A new formula
In theory, ghost kitchens take away the frustration of municipal permitting, paying regular bills that are rolled into monthly lease rates and, in some cases, even dish duty so cooks and expediters can focus exclusively on executing delivery orders at high volume—no dining rooms to clean or ticked-off guests to soothe.
Another key ingredient of the ghost kitchen formula is that, by renting kitchen space in neighborhoods or buildings that tend to be lower cost and away from Main and Main-type districts, their leases tend to be more affordable and shorter than the 10- or 15-year leases for traditional restaurants.
As rents keep rising amid an ongoing shortage of new commercial spaces, ghost kitchens—on paper—allow restaurant owners to avoid hassles inherent in the restaurant business, while opening the floodgates for high-volume, lower-risk delivery operations. This flexibility gives operators the chance to significantly scale up their off-premises sales without risking the farm along the way.
There are countless ghost kitchen operators out there, with the most prominent being Kitchen United, CloudKitchens and Zuul Kitchens. The first wave of restaurant brands jumping on this bandwagon include Dog Haus, which is up and running at Kitchen United’s first Chicago location, and East Coast industry darling Sweetgreen, which recently opened at Zuul Kitchen’s first Manhattan spot. Results remain to be seen, but this modern day land grab is now underway.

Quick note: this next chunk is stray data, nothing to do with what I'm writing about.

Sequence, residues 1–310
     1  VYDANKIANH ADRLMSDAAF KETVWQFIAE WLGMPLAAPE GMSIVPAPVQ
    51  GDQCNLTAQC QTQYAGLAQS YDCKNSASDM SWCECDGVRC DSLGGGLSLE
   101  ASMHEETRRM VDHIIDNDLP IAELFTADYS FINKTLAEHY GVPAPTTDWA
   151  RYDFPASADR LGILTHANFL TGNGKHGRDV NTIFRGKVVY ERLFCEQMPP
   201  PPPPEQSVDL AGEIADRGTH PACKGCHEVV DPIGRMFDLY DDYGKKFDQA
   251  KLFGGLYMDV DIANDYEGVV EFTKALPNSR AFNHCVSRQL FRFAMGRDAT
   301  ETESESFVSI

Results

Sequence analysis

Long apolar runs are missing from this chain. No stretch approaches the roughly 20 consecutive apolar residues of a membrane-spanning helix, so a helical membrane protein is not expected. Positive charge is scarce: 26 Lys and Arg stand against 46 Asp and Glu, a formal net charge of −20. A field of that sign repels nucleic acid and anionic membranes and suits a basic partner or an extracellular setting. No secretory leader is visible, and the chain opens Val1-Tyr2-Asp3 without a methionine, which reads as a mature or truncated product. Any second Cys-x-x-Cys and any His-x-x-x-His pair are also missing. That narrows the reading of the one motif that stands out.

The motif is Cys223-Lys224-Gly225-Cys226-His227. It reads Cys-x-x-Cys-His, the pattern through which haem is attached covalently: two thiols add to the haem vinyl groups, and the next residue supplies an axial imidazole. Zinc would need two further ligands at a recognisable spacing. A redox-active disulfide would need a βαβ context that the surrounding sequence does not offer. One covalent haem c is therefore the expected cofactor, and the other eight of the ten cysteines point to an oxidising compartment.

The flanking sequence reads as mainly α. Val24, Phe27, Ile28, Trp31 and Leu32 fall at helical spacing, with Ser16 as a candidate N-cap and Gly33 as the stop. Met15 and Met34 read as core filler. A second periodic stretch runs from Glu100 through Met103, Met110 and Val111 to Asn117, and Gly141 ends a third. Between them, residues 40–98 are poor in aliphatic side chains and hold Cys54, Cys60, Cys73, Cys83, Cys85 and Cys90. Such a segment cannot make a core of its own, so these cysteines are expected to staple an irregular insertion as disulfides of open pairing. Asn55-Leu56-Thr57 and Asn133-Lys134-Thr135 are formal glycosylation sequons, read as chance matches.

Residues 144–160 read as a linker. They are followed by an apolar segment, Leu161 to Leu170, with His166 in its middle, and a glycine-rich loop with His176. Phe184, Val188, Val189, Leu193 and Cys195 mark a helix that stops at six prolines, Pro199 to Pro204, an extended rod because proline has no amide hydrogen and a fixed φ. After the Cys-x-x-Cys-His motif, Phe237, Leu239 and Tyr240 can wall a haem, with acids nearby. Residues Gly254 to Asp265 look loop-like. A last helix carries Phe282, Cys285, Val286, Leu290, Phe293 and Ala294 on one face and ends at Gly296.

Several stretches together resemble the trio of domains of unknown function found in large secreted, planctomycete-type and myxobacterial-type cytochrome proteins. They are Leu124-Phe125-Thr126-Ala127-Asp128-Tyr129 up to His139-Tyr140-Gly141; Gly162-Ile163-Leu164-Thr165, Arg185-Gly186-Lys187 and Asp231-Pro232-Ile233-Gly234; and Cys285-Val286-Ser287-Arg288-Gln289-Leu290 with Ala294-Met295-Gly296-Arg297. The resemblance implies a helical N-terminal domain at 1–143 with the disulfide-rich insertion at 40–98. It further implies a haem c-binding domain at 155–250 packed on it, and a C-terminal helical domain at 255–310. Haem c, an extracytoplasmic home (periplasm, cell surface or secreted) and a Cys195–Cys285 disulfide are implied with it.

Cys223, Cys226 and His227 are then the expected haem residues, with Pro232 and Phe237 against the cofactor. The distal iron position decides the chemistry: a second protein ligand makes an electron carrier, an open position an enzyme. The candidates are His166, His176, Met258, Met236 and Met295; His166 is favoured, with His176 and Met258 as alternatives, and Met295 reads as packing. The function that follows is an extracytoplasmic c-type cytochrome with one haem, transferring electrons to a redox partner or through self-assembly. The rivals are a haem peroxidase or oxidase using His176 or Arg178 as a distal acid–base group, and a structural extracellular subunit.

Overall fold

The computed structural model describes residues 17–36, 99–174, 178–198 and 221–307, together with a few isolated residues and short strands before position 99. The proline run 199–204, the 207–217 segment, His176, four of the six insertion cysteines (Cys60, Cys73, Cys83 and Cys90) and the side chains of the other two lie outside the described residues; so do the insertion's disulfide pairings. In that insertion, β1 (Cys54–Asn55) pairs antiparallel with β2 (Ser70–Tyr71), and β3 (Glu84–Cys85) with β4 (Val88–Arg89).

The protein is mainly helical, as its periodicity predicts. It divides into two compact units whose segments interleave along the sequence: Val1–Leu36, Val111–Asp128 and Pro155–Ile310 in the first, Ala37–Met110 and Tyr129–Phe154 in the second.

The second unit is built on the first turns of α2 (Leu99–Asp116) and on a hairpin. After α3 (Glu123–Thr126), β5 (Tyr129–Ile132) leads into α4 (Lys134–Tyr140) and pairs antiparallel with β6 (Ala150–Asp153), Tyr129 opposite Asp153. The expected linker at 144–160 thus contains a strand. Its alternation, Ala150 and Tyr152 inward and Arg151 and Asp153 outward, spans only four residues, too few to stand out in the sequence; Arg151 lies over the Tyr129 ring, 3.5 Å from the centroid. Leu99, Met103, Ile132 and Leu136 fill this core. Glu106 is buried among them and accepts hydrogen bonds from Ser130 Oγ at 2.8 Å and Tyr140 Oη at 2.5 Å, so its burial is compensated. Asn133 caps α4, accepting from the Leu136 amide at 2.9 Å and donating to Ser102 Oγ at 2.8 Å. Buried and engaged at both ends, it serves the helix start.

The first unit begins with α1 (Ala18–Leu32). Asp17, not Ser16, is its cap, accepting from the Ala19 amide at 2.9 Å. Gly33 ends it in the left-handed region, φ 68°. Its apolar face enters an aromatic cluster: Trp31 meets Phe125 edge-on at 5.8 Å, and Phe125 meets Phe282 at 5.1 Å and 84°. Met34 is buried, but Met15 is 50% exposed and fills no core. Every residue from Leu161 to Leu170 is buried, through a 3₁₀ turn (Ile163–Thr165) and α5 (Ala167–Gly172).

At some ghost kitchens, the facility’s staff expedites orders to delivery providers.
In this murky new corner of the restaurant industry, it’s important to differentiate between ghost kitchens and virtual kitchens, which many industry watchers and business reporters have used interchangeably. They aren’t the same thing. Virtual kitchens are entirely new restaurant concepts created strictly for delivery and run out of an existing restaurant’s kitchen—no new real estate or leases required.